Melissa laughed. "Of course it is. I've been stopping here since I was a kid."

With each of them holding Reese's hands, they walked out to the middle of the bridge. Bruno stretched his neck and looked over the edge at the deep ravine and the river so far below. "Okay, that's good. Ve saw it." He started to motion for Melissa and Reese to head back to the car. "Let's go."

Melissa laughed again. "Let's stay out for a few minutes. I forgot how much I loved this place. It was a yearly stop on our way to Grampa's house." She and Reese leaned across the fence, looking down.

Bruno stepped back, his hands hovering behind them, ready to grab their shirts should they start to fall. "I'm not as in love vith it as you are," he said. "In fact, ve can go any time."

"Alright, scaredy cat," Reese said with a laugh. Stepping into her father's arms, she giggled. "We can go back to the car now."

Bruno chucked her chin and took her hand. "Come on, Momma." He tugged at her shirt to pull her away from the fence.

Walking back the way they came, Bruno looked at his wife and daughter again. "Oh, how my heart bursts," he thought. "I am such a blessed man."

They hadn't taken more than ten steps when he heard the rumble of a large truck coming over the bridge. Looking over his shoulder, he could see the driver looking down at his lap. Then the man started flapping his hands, as if trying to stamp out a fire in his lap.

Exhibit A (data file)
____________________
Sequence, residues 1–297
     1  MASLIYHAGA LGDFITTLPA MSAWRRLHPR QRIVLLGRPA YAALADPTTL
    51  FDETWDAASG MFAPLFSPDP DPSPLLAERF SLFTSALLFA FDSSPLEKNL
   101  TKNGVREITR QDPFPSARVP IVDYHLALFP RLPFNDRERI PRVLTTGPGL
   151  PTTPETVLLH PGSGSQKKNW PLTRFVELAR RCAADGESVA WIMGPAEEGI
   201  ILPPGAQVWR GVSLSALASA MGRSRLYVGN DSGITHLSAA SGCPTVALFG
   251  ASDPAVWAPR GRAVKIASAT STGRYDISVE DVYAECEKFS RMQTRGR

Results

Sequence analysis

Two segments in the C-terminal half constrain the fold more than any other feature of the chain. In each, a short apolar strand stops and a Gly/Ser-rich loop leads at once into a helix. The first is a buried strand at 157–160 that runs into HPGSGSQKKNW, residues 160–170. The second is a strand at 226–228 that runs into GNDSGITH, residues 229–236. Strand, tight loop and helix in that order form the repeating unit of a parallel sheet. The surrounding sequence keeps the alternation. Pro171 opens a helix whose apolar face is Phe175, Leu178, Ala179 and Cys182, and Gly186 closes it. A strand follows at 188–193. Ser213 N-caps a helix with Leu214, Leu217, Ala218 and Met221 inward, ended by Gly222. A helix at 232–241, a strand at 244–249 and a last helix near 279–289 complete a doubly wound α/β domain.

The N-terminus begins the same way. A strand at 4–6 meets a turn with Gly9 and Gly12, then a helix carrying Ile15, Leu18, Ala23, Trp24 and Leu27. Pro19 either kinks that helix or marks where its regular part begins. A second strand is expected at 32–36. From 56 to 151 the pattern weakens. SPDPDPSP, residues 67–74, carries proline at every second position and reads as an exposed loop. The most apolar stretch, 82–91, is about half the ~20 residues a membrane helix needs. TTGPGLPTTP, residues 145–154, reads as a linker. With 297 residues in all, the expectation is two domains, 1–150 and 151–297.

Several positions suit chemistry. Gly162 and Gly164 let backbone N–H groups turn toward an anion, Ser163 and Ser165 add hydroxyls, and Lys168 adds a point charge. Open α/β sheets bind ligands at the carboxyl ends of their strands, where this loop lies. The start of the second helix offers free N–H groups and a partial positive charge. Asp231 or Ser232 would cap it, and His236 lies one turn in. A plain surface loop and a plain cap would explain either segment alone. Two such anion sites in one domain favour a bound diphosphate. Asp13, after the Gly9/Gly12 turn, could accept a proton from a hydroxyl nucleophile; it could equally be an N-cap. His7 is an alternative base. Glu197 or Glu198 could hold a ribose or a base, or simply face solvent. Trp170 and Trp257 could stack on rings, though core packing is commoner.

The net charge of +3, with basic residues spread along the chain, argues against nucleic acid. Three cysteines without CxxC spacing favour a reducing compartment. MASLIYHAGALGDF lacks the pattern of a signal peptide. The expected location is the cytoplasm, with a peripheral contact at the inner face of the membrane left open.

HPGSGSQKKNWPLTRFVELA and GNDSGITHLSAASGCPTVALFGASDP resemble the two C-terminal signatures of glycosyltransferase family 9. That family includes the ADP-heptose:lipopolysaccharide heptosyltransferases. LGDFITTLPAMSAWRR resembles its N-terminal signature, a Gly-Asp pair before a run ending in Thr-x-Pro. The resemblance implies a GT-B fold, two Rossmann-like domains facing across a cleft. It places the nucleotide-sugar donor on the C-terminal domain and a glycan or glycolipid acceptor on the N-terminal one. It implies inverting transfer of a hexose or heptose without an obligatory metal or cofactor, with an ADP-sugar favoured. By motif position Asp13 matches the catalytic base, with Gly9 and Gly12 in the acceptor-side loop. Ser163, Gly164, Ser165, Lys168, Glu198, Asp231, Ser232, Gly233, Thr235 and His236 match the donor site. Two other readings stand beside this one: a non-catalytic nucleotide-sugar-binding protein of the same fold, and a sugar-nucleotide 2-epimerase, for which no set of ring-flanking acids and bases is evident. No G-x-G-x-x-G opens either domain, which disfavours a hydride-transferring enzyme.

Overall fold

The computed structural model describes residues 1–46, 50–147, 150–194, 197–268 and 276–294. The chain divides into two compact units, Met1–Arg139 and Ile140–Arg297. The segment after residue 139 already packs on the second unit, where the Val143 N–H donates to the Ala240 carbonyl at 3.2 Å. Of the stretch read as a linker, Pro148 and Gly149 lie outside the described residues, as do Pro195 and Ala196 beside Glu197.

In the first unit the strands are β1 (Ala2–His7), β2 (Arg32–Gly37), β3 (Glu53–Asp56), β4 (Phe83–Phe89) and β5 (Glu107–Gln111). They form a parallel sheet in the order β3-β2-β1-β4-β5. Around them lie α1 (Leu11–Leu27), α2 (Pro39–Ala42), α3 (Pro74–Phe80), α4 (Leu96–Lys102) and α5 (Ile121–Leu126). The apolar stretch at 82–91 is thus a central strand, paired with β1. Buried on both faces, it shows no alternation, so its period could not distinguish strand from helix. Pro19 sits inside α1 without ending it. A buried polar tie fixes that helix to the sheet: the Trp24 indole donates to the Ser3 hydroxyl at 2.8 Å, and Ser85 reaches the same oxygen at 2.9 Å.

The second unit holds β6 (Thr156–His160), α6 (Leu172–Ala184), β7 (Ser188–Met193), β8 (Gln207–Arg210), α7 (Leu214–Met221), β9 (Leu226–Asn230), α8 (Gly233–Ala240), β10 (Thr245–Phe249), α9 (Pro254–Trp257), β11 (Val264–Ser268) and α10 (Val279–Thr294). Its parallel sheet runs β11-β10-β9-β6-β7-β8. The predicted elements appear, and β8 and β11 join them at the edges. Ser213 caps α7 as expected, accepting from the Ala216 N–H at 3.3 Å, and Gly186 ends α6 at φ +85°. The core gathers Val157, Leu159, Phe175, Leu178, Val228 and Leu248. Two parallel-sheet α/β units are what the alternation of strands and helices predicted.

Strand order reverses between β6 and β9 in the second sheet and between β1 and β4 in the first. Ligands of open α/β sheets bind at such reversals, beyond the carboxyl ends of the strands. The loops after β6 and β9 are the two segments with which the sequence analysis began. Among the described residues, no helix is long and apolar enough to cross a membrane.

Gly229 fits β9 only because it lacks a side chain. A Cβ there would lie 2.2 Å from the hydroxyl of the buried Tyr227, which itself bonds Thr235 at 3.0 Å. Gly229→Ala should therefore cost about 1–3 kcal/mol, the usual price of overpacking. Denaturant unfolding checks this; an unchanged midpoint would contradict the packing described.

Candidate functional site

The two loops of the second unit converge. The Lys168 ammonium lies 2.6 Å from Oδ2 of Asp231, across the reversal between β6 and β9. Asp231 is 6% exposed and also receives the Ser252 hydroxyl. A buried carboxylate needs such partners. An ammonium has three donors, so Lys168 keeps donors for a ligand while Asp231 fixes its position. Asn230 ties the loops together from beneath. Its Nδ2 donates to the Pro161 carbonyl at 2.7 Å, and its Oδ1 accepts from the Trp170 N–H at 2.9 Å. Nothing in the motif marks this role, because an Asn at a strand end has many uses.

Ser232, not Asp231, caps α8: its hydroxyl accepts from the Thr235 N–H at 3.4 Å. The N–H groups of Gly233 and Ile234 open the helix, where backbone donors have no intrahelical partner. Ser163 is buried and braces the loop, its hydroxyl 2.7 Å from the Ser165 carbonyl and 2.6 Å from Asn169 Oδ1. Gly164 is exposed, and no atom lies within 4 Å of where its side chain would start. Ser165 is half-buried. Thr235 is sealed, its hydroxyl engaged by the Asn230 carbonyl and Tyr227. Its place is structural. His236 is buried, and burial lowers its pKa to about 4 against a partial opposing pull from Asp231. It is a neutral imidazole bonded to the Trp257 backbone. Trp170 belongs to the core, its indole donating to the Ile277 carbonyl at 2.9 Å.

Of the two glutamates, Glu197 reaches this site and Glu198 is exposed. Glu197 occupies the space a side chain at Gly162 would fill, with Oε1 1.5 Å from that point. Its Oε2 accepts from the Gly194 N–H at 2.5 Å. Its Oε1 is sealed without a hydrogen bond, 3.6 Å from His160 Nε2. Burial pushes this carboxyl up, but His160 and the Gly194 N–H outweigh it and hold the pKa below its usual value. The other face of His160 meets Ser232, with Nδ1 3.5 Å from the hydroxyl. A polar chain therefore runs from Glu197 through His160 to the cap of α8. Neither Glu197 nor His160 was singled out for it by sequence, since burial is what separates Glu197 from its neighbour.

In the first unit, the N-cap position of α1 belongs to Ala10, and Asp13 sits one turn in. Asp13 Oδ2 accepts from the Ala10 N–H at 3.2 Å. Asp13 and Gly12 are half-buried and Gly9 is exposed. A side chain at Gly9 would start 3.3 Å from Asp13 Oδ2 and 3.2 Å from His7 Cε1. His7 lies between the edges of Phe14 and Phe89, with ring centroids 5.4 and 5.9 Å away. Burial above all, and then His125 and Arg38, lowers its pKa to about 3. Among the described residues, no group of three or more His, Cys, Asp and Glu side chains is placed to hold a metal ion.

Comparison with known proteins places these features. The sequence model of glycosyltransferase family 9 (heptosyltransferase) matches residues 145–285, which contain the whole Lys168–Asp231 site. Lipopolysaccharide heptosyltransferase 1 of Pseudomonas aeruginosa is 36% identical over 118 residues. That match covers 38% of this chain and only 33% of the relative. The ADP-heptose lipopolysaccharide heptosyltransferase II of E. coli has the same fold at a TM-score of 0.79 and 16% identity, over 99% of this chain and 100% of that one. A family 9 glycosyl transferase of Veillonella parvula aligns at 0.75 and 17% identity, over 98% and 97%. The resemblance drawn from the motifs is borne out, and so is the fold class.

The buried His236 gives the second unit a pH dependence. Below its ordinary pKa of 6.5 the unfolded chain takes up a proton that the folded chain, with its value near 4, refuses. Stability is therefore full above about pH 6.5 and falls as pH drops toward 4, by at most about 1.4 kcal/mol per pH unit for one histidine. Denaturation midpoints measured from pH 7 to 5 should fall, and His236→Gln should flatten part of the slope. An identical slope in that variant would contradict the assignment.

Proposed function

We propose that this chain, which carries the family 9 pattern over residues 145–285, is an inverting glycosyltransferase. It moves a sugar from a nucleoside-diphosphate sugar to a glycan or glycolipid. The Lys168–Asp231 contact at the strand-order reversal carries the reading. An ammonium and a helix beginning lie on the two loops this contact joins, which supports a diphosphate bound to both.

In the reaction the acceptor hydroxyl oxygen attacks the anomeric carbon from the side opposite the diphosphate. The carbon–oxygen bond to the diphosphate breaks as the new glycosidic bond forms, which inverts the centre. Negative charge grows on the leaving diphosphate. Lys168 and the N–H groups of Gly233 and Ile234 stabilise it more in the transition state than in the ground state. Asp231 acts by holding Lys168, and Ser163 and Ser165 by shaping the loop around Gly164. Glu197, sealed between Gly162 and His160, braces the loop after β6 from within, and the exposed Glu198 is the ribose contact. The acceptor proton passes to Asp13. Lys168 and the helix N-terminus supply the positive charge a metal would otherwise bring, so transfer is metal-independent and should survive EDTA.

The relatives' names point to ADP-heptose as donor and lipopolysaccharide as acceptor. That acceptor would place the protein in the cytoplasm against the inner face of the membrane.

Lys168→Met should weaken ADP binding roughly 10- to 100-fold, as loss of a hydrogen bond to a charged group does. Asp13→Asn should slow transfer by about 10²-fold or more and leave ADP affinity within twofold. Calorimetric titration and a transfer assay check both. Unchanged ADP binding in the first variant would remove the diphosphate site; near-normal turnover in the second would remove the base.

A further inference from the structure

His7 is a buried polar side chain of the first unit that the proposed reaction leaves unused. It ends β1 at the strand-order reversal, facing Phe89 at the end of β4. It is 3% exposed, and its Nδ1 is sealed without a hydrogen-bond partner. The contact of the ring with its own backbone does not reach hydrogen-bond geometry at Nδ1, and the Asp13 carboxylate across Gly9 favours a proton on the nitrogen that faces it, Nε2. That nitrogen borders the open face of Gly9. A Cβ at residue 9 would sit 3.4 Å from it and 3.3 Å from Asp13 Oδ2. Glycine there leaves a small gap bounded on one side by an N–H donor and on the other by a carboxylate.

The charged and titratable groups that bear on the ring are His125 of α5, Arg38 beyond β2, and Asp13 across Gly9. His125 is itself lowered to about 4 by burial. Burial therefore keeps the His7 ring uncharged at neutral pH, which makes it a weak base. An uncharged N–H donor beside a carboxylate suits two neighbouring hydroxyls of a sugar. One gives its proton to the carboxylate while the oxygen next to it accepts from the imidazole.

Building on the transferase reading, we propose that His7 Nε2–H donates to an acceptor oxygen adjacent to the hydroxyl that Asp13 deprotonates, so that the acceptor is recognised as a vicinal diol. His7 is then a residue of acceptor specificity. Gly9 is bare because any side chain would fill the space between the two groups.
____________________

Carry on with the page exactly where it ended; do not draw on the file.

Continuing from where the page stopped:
It all happened in a split second, yet Bruno watched in slow-motion as the truck swerved out of control, just as it was going past them. He reached out to grab Melissa's hand as the truck came crashing through the fence right in front of them, but he missed. With a tight hold on Reese's hand, he fell back. The front of the truck went through the old rusted fence that stood between them and the gorge, ripping it away from the support posts. The right fender knocked Melissa backward. Her feet teetered on the edge, her hands flailing helplessly as she tried to find something to grab ahold of.

The truck stopped with its front tires perched precariously on the edge. The driver was still frantically slapping his hands on his lap, oblivious to the scenario he had just caused.

As Melissa's feet teetered, she started to fall backwards and her hand caught the fence. It pulled away from the bridge and she hung down twelve feet below, clinging to the chain-links.

Bruno had fallen backwards, still clutching Reese's hand, but Reese had rolled off the edge and was now dangling above her mother. She screamed, "Papa, Papa! Pull me up."

"Reese, I've got you," he yelled. "Stop kicking." He looked past Reese down to Melissa. "Darling, can you climb up?"

"I'm trying," she cried. Each time she tried to pull herself up, the fence pulled away from the bridge a little more and she ended up another foot down.

"Papa. Don't let go," Reese cried.

"Reese, you need to stop kicking. I can't pull you up."

Bruno was lying on the bridge, his arms hanging over the edge, holding onto one of Reese's hands, the other flailing as she tried to steady herself. As her feet kicked out frantically, one shoe caught on the fencing.